EU health ministers agreed on Tuesday (15 March) to first evacuate from Ukraine children in urgent need of care, following talks of a coordinated EU approach to the health crisis in the country. EURACTIV France reports.
As the war in Ukraine continues to intensify by the day, EU health ministers said they wanted “the most effective health cooperation possible”, particularly in caring for sick children.
“We need to organise the continuity of care for refugees, especially for children,” said French Health Minister Olivier Véran, whose country holds the rotating EU Council presidency.
In France, the regional health agencies, known as ARS, will identify reception capacities, especially in paediatric services and in the medico-social sector.
“We are in the process of formulating an initial proposal to facilitate evacuations, particularly of children with cancer, we are in discussion with Kyiv and Poland,” said Véran, adding that the first transfers could take place by the end of the week.
“The war affects their mental and physical health. We must give great importance to psychological care and do our best so that they can stay with their loved ones,” he added.
Vaccination of children is another issue that EU Health Commissioner Stella Kyriakides brought up. According to the Ukrainian public health centre, around 80% of children are vaccinated against polio – not enough to achieve immunity.
Ukraine was hit by a polio outbreak before the start of the war, which led to a massive vaccination campaign, the UN’s children’s fund, UNICEF revealed on 5 March.
However, with war threatening the provision of electricity and because “without electricity, we cannot vaccinate”, UNICEF’s Deputy Director for Europe, Phillippe Cori, said he was “very concerned”.
Kyriakides said children will be vaccinated through HERA [the EU’s Health Emergency Preparedness and Response Authority] “against diseases such as tuberculosis and polio”, and added she was “in contact with industry and doctors’ and nurses’ associations”.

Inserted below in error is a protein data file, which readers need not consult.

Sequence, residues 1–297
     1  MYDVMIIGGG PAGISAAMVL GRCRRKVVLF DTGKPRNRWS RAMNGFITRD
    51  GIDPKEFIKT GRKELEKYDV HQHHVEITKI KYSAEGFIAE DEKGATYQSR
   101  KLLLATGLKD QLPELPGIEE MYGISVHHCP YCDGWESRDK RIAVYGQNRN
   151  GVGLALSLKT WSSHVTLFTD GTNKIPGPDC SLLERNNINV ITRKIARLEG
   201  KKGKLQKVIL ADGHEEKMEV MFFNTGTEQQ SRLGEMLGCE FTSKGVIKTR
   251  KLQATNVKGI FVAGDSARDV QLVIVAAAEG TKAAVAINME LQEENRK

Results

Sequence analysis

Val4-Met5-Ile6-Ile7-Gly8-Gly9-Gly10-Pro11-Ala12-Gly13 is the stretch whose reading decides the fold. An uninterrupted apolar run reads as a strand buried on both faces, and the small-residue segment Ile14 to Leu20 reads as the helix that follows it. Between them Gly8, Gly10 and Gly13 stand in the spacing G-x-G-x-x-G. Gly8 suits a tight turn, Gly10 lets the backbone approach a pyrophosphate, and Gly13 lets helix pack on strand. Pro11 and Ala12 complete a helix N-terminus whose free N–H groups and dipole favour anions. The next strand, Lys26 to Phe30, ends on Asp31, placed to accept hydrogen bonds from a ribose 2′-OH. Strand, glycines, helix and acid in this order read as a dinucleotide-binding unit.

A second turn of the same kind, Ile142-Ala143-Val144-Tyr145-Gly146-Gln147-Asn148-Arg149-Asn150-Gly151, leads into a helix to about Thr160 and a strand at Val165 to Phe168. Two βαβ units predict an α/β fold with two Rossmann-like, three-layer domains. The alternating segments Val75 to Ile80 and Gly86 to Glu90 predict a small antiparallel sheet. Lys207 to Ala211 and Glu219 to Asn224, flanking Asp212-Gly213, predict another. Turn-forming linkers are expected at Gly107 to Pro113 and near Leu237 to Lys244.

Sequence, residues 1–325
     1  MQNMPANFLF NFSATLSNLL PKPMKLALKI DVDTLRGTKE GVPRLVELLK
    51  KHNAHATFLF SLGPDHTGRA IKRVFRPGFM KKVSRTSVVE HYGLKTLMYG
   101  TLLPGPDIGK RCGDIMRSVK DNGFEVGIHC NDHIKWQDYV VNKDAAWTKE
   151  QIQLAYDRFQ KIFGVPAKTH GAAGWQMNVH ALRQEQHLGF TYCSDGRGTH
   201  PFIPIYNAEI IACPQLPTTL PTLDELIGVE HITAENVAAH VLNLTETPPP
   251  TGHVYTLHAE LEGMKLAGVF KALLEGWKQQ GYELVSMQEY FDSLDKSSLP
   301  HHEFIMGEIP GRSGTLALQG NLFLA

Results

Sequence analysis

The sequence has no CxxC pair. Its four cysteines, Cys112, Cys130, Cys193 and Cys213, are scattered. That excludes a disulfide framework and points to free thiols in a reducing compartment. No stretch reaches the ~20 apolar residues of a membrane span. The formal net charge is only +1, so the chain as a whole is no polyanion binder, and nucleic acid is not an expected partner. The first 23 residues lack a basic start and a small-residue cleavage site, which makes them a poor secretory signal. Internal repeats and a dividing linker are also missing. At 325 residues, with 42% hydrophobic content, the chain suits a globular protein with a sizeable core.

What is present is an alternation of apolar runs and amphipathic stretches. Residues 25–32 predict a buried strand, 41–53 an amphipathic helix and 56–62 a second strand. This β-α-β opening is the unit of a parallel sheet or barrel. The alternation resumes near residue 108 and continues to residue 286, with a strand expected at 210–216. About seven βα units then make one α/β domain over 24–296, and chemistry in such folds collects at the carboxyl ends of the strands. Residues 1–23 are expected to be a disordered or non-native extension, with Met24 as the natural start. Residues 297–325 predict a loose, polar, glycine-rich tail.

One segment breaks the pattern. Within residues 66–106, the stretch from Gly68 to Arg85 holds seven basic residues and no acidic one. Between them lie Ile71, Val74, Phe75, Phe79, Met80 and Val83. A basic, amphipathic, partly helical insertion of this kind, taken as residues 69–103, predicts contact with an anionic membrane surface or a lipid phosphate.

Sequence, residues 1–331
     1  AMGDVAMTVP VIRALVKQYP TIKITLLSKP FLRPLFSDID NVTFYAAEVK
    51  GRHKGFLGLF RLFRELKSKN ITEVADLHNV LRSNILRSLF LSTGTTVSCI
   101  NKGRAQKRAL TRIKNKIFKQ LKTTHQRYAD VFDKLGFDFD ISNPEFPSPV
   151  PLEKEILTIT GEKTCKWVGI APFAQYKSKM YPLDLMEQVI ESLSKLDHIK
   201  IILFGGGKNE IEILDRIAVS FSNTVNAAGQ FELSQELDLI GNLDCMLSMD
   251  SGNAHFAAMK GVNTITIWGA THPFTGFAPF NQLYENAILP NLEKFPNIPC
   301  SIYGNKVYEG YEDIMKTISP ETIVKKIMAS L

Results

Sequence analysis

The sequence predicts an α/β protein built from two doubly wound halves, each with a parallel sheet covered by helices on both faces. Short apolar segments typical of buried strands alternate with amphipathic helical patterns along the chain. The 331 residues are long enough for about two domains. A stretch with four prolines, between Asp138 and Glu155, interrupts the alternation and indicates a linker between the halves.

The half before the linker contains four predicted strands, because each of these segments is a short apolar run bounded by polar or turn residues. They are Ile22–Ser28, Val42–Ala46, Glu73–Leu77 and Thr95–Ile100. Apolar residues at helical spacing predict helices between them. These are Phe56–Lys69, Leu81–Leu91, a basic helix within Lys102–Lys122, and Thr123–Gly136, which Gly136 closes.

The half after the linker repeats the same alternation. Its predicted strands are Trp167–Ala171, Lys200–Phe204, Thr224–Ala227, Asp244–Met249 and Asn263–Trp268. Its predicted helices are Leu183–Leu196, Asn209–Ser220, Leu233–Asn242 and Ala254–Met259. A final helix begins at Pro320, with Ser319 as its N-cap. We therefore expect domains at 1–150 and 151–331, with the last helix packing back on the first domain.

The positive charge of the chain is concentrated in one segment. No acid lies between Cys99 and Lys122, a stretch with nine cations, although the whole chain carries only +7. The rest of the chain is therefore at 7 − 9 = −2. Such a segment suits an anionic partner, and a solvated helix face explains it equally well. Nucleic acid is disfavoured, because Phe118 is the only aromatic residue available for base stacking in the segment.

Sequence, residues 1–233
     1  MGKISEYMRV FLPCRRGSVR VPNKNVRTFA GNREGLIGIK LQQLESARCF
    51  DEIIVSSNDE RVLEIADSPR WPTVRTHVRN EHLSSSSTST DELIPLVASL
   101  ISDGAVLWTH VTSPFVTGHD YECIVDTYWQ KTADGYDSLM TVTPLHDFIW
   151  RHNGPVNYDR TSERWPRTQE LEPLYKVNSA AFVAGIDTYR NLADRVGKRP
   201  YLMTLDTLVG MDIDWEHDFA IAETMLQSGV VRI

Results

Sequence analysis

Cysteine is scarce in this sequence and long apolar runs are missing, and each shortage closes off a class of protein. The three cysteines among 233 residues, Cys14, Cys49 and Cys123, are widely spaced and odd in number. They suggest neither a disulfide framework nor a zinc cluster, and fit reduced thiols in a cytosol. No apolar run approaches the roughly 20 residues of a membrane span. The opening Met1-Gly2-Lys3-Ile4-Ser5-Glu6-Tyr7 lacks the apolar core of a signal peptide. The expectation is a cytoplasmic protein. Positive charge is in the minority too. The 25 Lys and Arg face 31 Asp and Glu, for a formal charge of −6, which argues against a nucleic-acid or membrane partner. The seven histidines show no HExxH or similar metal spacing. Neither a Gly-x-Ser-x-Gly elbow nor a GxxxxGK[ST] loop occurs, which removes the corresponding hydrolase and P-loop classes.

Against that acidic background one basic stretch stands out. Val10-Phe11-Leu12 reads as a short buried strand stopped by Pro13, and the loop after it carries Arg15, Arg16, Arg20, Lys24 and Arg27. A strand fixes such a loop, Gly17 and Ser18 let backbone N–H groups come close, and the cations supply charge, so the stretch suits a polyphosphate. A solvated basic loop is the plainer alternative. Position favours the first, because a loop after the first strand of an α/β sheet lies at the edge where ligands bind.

In terms of adult vaccination, Kyriakides warned that “Ukraine has lower rates against infectious diseases such as measles”.
Ukraine also has a low COVID-19 vaccination rate, with only 33% of the country having been fully immunised before the war, Kyriakides also said. EU ministers confirmed, however, that they had enough doses to offer the COVID-19 vaccine to refugees.
For Véran, however, the urgency was elsewhere. “The challenge in terms of health is not the increase in COVID-19 rates, but the need for these refugees to receive the necessary care,” he said. Non-vaccinated refugees would not be turned back at the border, Véran added.
Transfering patients between states
The EU ministers also welcomed the EU’s “united and supportive” health response in Ukraine. “Tens of tonnes of medicines, tents and medical equipment have been sent. We have also put in place the evacuation of the sick and wounded from the war,” said Véran.
More needs to be done, however, especially by transferring the sick and wounded from war to different European hospitals, the ministers also admitted. To ensure the distribution is done in the best possible way, EU countries unanimously agreed that the needs of patients should be assessed before they are transferred to other bloc countries.
A total of “10,000 hospital beds in the member states will receive Ukrainian patients”, said Kyriakides, adding that the first patients had already been transferred “from Poland to Italy”.
The aim is not only to evacuate Ukrainian civilians but also to relieve the health services of Ukraine’s neighbouring countries, already weakened by the COVID-19 crisis.
Of the three million Ukrainians who have fled the war since 24 February, 1.79 million have found refuge in Poland, according to UN refugee agency UNHCR figures from Tuesday (15 March).
Moldova, Europe’s poorest country, has taken in 100,000 Ukrainians so far, which for a country of 2.6 million inhabitants, is quite significant.
“Moldova is, of course, also the country with the most limited resources, and we absolutely need financial and humanitarian assistance to be able to support this flow of refugees,” said Moldovan Prime Minister Mariana Turcani, calling the situation a “massive humanitarian crisis”.
From the start of the war until 6 March, a total of 406 civilians – of which 27 children – had died, according to figures from the Office of the UN High Commissioner for Human Rights (OHCHR).
But Véran said that “the real toll is surely much higher.”
[Edited by Zoran Radosavljevic]